It’s been almost a year since the surging nonprime mortgage market hit a brick wall, and still there are headlines almost daily about the reasons, the repercussions and the responsibility for this mess. Amidst the finger-pointing, we should keep a handful of observations in focus so that we don’t see this problem repeated under our watch.
First, don’t throw out the baby with the bathwater. Although sub-prime and Alt-A mortgages (which together make up the nonprime market) caused many problems for many people, they have also made it possible for millions of people with less than perfect credit to buy homes. In the 15 years ending in 2004, the percentage of families in the lowest income quintile that had mortgages more than doubled, thanks in no small part to nonprime offerings. This boost in home ownership is a good thing for the economy and society as a whole.
Second, a big part of the problem is due to the relative newness of nonprime mortgages.
They were pioneered by small, nondepository lenders in the early 1990s. They didn’t—and still don’t—face the regulatory, supervisory or data reporting requirements that depository institutions face. (Only in recent years have mainstream lenders become significant players in these mortgages.) The lack of oversight doesn’t necessarily mean these pioneers were destined to rip people off—remember, entrepreneurs are often the heroes of today’s economy. Many lenders had sound underwriting practices. Nevertheless, some of the participants in the nonprime market were thinly capitalized mortgage brokers, nonbank lenders and other investors. Because they had little invested, some took risks that were clearly imprudent, such as approving applicants who had little or no documentation of their income and putting people into adjustable rate mortgages that would be unaffordable once rates increased.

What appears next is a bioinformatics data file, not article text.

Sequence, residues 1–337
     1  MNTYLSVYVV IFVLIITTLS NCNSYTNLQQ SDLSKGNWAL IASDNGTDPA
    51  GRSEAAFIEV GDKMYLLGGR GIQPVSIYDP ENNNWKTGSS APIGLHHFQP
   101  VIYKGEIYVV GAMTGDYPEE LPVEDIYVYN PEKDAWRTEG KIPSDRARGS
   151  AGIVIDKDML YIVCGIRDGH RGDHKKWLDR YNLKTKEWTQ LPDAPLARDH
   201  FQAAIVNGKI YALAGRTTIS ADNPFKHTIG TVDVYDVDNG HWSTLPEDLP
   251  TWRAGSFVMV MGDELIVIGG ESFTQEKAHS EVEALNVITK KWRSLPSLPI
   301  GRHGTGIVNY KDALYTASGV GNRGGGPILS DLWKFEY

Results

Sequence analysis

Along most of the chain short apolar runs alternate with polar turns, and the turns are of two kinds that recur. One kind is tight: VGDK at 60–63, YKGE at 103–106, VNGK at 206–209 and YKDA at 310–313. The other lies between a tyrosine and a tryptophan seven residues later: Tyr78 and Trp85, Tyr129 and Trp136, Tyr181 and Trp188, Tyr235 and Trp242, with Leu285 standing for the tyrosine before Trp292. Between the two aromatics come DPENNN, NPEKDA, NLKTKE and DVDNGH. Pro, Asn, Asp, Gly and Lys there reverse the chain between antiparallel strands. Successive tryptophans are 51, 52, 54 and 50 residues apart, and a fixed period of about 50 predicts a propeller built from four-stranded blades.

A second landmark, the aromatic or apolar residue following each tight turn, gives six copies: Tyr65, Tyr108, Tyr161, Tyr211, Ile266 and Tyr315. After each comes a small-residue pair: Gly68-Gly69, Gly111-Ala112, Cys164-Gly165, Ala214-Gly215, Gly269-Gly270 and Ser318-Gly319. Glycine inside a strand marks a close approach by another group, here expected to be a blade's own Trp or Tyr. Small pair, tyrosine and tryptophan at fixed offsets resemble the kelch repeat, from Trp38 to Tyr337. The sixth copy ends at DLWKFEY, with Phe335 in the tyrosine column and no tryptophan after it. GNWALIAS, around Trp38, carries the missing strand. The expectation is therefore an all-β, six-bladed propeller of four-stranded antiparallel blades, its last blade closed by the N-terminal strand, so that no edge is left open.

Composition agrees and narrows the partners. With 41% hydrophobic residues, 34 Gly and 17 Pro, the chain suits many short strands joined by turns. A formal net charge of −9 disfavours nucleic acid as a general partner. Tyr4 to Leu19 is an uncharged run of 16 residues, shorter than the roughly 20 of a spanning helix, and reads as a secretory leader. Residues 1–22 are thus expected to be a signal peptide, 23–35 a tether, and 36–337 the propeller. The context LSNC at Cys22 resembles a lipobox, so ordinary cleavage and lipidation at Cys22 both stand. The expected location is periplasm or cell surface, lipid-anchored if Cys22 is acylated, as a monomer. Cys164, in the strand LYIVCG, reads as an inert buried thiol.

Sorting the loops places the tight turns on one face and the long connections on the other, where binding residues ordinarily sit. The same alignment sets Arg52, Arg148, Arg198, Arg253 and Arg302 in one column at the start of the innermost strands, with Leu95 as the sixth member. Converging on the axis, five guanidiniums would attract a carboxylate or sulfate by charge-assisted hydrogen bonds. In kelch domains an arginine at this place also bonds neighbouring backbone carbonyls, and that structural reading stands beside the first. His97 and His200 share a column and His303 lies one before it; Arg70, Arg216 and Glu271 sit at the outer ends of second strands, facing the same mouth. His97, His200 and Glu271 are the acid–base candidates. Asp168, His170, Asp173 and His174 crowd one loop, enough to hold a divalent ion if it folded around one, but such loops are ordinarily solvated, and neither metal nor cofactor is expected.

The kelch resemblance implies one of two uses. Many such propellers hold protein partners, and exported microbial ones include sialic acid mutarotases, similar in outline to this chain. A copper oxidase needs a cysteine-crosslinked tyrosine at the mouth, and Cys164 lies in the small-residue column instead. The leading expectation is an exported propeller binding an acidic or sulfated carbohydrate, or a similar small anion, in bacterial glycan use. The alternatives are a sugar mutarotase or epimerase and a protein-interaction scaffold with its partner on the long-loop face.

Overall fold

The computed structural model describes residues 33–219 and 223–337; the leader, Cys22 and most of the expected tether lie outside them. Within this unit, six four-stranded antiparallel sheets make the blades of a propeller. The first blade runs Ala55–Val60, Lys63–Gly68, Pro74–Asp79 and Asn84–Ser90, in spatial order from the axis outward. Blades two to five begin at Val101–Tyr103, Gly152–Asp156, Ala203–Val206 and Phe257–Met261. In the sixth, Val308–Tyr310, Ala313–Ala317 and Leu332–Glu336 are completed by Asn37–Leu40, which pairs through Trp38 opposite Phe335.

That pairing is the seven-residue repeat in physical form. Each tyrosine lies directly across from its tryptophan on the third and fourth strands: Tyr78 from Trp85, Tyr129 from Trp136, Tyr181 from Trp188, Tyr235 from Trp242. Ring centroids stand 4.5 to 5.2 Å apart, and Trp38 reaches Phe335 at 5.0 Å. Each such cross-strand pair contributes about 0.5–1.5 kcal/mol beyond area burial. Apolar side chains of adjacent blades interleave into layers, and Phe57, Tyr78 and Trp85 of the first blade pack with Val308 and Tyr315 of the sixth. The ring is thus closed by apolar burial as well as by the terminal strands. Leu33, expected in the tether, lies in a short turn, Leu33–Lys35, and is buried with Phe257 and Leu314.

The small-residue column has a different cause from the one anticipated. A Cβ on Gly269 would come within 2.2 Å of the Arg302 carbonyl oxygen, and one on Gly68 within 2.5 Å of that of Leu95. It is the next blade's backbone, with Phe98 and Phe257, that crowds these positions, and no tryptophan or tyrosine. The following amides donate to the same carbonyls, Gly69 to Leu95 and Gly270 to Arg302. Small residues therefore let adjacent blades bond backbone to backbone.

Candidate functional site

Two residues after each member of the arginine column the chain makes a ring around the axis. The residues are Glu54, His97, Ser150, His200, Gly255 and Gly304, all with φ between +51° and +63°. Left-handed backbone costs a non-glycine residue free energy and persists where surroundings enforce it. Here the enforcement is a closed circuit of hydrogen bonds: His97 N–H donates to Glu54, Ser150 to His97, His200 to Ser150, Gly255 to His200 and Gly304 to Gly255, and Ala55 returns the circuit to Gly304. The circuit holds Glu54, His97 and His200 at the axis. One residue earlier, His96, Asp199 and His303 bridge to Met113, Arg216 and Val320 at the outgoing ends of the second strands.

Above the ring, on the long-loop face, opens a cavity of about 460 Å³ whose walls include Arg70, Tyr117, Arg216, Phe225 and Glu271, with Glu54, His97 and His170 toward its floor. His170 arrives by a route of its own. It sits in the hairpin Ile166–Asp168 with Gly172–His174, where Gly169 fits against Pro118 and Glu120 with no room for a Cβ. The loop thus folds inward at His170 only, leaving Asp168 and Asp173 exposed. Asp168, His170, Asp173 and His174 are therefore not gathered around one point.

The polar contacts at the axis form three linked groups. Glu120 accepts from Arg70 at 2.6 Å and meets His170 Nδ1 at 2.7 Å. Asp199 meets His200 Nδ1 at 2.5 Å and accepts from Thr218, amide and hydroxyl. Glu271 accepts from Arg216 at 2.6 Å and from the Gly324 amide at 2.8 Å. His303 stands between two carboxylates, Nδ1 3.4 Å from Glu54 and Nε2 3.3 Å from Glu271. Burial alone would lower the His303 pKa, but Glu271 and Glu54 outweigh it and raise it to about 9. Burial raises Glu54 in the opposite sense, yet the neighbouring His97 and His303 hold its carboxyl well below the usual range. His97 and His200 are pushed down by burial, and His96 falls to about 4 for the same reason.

Third, many of the investors who bought securitized nonprime mortgages should have known better. They let their greed blind them to the facts that a significant number of people taking out these mortgages would not be able to keep up the payments if interest rates rose as they were forecast to do. I have sympathy for the borrowers, but not for the hedge funds and other investors who bought bundles of these mortgages as securities.
One of the remedies for nonprime woes is the old-fashioned concept of reputation. Nonprime lenders need to think long-term, not short-term. Do they want that borrower back for his next mortgage? Do they want that investor to return to buy up more mortgages? If the lender/broker thought of return business with the borrower and investor, the net result would be fewer mortgage write-downs and foreclosures.
At the Fed, we are working along with other regulators, such as the Federal Trade Commission, to strengthen consumer protections. We are drafting changes to the Truth in Lending Act regarding ads and solicitations by lenders. We will use the authority we already have to root out unfair and deceptive practices. With other regulators, we are testing the expansion of consumer protection compliance reviews to some nondepository lenders with large nonprime portfolios.
As the Fed and other financial and consumer regulators review existing regulations and study options to strengthen regulations, we must be careful so as not to impose regulatory costs that are so great as to push sound lenders out of the nonprime market. Such an exit would limit credit access to millions of legitimate borrowers and the opportunity for them to achieve the American dream.